After fire, couple orders up a new house

Prefab structure was built in California, then moved

Jean Walker (from right) and spouse Sandy Farmer-Wiley watch along with Fabmac Homes President Francesca Carey as their new home is delivered to their lot on Kauhale Street in Kihei Wednesday morning. The pair lost their previous house in a Christmas Eve fire last year. The 1,440-square-foot, prefabricated home was delivered in two pieces from the Fabmac baseyard near Kahului Airport. The Maui News / MATTHEW THAYER photo

Jean Walker (from right) and spouse Sandy Farmer-Wiley watch along with Fabmac Homes President Francesca Carey as their new home is delivered to their lot on Kauhale Street in Kihei Wednesday morning. The pair lost their previous house in a Christmas Eve fire last year. The 1,440-square-foot, prefabricated home was delivered in two pieces from the Fabmac baseyard near Kahului Airport. The Maui News / MATTHEW THAYER photo

KIHEI — A Kihei couple who lost their home on Christmas Eve 2015  received a gift they had been waiting for all year on Wednesday.

Sandy Farmer-Wiley and Jean Walker watched construction workers move two pieces of their new home onto their property on Kauhale Street. Less than a year ago, the married couple watched fire gut their home and destroy most of their belongings.

“It’s beautiful. I couldn’t believe it,” Farmer-Wiley said. “I think we’re going to love this house.”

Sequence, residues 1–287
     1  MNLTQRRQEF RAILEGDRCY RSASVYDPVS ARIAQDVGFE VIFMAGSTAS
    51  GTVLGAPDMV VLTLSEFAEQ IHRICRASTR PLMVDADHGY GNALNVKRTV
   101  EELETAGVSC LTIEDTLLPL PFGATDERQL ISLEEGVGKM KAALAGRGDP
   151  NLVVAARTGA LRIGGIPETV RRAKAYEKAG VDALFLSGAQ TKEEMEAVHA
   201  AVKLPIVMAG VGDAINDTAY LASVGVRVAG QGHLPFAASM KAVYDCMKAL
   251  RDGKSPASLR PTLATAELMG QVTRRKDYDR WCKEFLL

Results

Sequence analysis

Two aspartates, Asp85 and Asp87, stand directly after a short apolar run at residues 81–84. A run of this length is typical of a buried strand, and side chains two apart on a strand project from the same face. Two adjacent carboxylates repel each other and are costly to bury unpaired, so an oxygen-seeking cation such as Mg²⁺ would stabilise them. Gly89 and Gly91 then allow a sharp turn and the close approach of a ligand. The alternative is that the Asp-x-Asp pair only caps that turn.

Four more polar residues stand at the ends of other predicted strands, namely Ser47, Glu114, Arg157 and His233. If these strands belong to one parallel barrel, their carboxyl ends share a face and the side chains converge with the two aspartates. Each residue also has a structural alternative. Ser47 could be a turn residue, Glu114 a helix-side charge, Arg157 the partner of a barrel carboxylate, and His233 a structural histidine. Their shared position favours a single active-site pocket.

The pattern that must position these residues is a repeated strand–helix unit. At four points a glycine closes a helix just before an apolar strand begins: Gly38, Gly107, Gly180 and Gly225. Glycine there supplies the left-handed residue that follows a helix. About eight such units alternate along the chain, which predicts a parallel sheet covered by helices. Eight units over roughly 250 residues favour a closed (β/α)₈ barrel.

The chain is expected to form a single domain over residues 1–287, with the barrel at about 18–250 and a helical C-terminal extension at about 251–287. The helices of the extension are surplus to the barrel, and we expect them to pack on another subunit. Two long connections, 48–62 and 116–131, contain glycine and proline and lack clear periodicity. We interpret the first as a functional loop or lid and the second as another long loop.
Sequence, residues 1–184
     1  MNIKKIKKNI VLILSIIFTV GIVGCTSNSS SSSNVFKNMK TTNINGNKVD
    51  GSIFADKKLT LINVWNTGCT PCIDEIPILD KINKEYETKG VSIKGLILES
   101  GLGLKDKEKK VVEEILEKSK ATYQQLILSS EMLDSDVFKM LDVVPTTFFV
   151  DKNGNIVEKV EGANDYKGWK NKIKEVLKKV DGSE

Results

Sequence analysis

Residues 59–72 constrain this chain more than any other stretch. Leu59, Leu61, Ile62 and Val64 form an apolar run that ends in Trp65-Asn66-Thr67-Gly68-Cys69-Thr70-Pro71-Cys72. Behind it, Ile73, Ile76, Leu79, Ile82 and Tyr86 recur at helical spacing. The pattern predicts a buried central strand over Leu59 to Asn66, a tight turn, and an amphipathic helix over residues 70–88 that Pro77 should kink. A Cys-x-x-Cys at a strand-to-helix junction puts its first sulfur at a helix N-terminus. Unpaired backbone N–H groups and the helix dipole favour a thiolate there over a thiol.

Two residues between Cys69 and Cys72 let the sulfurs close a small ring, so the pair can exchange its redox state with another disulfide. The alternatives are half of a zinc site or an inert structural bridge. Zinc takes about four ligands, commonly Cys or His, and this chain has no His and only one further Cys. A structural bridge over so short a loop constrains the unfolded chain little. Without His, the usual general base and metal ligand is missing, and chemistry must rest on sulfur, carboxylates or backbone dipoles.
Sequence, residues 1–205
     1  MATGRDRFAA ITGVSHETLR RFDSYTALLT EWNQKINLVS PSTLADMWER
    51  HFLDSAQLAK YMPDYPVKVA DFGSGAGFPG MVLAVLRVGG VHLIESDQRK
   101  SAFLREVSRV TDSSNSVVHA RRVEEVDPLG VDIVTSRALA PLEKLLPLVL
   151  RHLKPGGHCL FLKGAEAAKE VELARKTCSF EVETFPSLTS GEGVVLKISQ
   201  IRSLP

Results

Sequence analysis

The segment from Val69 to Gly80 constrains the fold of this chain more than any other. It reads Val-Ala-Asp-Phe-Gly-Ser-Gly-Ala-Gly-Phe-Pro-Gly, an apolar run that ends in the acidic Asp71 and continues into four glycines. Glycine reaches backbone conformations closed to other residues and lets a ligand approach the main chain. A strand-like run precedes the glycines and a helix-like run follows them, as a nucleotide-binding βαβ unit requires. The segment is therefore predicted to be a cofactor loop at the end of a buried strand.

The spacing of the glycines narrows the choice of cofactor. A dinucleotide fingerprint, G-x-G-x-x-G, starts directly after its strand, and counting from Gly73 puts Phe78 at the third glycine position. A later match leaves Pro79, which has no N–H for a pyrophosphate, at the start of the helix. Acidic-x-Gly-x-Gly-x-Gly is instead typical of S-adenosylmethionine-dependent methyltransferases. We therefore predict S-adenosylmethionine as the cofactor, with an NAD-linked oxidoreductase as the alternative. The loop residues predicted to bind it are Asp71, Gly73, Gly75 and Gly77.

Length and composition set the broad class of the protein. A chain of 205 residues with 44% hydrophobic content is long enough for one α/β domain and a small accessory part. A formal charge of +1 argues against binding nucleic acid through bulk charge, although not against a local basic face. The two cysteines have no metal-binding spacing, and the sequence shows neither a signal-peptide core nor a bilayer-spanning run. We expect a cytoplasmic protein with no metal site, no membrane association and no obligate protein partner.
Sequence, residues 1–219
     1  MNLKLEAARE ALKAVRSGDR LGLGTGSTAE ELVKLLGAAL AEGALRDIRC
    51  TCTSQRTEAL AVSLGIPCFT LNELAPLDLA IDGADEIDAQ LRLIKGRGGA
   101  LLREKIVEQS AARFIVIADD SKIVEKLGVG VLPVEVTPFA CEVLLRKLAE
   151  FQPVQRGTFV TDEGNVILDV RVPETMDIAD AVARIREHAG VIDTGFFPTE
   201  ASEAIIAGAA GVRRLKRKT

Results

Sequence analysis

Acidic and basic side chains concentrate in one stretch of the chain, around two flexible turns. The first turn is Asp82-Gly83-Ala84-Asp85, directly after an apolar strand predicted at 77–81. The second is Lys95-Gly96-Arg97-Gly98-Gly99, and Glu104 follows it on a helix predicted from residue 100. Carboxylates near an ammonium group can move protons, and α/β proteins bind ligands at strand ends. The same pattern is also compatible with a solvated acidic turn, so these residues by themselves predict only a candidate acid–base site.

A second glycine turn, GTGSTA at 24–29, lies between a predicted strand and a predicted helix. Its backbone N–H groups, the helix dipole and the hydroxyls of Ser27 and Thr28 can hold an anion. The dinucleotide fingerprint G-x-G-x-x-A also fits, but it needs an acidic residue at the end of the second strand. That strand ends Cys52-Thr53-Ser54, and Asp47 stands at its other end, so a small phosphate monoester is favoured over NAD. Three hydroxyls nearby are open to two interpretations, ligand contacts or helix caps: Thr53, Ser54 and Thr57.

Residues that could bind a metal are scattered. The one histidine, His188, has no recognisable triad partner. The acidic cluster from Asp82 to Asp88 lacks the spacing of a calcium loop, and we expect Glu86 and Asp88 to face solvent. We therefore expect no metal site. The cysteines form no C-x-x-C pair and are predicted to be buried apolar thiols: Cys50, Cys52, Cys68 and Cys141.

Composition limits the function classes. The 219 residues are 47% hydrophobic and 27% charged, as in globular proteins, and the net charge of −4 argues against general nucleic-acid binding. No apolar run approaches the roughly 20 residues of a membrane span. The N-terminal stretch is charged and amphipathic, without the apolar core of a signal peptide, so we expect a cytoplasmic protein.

The approximately 1,440-square-foot Fabmac home, built in a warehouse in California, was driven to the lot on two flatbed trucks from the Fabmac baseyard near Kahului Airport. It will take workers 30 to 45 days to put the house together and finish the interior and exterior before the couple is handed the keys.

“If it’s before Christmas, that would be fabulous,” Farmer-Wiley said.

Charles Morgan, Fabmac Homes vice president of construction, helps guide the first, 19,000-pound section into place Wednesday morning. The Maui News / MATTHEW THAYER photo

Charles Morgan, Fabmac Homes vice president of construction, helps guide the first, 19,000-pound section into place Wednesday morning. The Maui News / MATTHEW THAYER photo

The couple had been attending church services when the Dec. 24 fire started. They rushed home only to find it in flames and thousands of dollars’ worth of artwork, clothing, appliances and personal belongings destroyed.

Insurance has covered the cost of the home, but the couple is paying $70,000 to add another bedroom and bathroom. Their insurance was not renewed after the fire, but they were able to find another provider.

Farmer-Wiley said she is still making a list of items lost in the blaze to be covered by the original insurer. However, most of the belongings were priceless mementos. Items that survived the fire were taken to a warehouse with Premier Restoration Hawaii where it took six weeks to deodorize the smell of smoke before the items could be cleaned.

“Some of the stuff they thought they could save, they couldn’t,” Farmer-Wiley said.